Swedish Startup Space

Bonnier Among Investors As Natural Cycles Raises $6 Million

Written by on June 22, 2016
Editors Note: This post is part of a series called Featured posts, presented by Breakit.

The Swedish media giant Bonnier is now investing in the app Natural Cycles, which measures women’s fertility, along with several other ventuer capital firms. “We can now expand outside of Sweden”, Raoul Scherwitzl, CEO and co-founder of Natural Cycles, says.

The capital infusion is $6 million (50 million SEK). The money will be used to expand geographically, particularly in the US. Earlier investors, such as Isabella “Blondinbella” Löwengrip, VCs Sunstone and E-ventures, are participating in the round.

The plan is to make the company stronger and bigger with the new money.

“We are on our way to building a great company and the financing will be used primarily for recruiting new people that can help us to expand outside Sweden,” says Raoul Scherwitzl.

The fertility app is primarily looking at the United States and Brazil, but is also “interested in expanding to Switzerland, the UK and other European countries”, Raoul Scherwitzl explains.

“We also want to invest in clinical trials and build a stronger organization. Natural Cycles operates within a very complex area with many stakeholders – women, doctors and regulators. It is crucial that we find a good balance between what is easy to use and what is medically sound. We want to combine the best from the two worlds of pharmaceuticals and technology – and build a strong brand that has a solid research foundation”, Raoul Scherwitzl says.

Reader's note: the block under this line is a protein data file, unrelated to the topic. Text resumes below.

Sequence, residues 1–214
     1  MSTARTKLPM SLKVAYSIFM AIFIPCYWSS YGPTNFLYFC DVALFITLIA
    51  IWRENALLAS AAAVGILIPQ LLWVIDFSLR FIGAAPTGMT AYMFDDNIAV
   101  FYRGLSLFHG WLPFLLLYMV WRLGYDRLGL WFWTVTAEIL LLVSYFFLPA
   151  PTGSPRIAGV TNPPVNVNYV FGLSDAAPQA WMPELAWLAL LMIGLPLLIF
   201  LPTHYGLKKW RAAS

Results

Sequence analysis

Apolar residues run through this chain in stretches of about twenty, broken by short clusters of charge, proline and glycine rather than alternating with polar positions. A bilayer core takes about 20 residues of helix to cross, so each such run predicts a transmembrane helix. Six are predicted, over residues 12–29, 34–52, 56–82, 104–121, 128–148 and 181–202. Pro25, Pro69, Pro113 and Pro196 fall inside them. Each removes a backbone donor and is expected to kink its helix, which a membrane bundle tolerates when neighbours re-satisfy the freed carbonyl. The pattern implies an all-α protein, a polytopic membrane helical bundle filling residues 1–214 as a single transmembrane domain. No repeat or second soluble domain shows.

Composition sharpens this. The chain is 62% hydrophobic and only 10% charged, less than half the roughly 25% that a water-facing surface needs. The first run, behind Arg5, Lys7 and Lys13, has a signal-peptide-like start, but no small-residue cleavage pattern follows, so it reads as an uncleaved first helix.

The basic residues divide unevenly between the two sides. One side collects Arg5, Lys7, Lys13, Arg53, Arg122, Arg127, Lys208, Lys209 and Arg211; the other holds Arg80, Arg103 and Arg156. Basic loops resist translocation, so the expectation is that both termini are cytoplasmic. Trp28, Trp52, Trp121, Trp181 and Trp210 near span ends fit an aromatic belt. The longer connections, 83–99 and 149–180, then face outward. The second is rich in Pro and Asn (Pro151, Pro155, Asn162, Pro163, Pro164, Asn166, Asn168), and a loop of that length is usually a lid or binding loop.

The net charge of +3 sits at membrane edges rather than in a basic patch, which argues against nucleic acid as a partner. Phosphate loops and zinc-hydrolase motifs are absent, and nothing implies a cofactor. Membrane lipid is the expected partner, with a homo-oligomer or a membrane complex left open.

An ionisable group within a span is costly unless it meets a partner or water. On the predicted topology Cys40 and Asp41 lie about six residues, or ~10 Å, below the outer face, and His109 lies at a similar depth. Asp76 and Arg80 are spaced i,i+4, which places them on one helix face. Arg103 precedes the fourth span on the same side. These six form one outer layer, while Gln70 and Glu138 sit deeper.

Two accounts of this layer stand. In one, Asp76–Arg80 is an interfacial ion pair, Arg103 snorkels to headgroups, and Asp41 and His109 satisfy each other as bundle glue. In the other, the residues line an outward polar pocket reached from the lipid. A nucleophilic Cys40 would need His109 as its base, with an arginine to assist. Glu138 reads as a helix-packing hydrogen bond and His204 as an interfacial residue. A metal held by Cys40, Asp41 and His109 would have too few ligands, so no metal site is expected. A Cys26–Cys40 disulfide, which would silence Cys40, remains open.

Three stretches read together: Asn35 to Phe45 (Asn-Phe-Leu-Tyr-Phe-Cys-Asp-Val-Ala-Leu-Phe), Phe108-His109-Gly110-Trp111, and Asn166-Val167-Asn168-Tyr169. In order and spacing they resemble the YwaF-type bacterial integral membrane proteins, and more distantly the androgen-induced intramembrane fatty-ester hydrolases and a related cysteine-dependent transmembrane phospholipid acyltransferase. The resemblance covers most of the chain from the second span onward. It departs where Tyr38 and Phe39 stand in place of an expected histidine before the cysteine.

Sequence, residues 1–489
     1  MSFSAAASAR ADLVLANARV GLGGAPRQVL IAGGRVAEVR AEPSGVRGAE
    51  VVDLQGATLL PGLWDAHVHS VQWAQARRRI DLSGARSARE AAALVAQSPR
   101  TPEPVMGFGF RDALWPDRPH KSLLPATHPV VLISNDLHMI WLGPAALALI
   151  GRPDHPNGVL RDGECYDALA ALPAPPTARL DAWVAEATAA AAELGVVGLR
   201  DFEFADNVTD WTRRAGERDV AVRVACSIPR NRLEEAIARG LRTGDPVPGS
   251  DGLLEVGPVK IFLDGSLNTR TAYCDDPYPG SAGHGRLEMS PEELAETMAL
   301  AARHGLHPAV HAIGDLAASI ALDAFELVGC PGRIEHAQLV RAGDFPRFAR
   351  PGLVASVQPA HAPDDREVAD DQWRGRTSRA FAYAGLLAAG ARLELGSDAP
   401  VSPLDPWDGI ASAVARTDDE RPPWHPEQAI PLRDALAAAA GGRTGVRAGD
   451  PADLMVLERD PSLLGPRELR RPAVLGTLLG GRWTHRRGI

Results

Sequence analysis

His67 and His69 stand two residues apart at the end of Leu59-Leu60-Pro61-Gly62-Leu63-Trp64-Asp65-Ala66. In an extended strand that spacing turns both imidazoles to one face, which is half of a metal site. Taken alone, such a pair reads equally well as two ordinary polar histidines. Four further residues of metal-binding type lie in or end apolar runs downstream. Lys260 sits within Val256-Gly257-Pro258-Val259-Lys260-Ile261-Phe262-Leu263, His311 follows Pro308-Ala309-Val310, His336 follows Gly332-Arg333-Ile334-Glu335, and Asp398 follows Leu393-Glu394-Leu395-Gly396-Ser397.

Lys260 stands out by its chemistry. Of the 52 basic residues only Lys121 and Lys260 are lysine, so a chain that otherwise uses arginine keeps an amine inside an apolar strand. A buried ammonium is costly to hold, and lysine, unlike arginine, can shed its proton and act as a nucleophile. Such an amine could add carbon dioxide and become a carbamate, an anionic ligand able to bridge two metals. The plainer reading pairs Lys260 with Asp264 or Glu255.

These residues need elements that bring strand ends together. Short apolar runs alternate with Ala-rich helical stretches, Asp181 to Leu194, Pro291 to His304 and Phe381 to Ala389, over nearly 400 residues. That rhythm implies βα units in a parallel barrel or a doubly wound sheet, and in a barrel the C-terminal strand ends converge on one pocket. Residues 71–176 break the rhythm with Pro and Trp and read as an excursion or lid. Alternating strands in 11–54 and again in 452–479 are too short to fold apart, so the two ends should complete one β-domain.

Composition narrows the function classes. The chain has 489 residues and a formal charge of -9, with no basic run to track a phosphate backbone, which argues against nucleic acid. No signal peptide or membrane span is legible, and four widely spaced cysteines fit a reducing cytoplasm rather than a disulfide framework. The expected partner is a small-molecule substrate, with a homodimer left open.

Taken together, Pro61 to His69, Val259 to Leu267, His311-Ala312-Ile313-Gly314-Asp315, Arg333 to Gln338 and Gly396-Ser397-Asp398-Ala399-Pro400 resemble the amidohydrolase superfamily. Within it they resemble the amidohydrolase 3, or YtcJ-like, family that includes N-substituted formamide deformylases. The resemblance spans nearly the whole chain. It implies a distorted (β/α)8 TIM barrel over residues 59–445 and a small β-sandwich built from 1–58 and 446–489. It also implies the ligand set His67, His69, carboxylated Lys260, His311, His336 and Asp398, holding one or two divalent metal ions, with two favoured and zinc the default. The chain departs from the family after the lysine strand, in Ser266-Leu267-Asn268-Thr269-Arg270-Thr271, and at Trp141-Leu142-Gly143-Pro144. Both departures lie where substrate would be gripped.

How does it feel to get Bonnier Growth Media as investors?

“We have been in contact with them for a while and for us it feels good. With an investor like Bonnier, we can think more long term and in that way we can build a larger company.”

Natural Cycles is an app that allows women to see which days each the month they are fertile. The user measures her body temperature and feeds the app with the numbers. After a period of gathering data the app starts showing whether the user is fertile or not based on the body temperature.

Last year the company had sales of $2 million (17 million SEK), which is a 900 percent increase from the year before, and the service is used by 100,000 users, according to the company.

Despite the great growth, the company has encountered setbacks from the Swedish Medical Products Agency (MPA), which Breakit has previously reported. In December, the MPA announced that Natural Cycles may not market the product as a contraceptive. Instead it has to use the term “fertility monitor”.

But that did not stop the founders Elina Berglund and Raoul Scherwitzl who made sure that the app was integrated into Apple Health kit in Apple Watch. Users pay a monthly or annual fee for the app.

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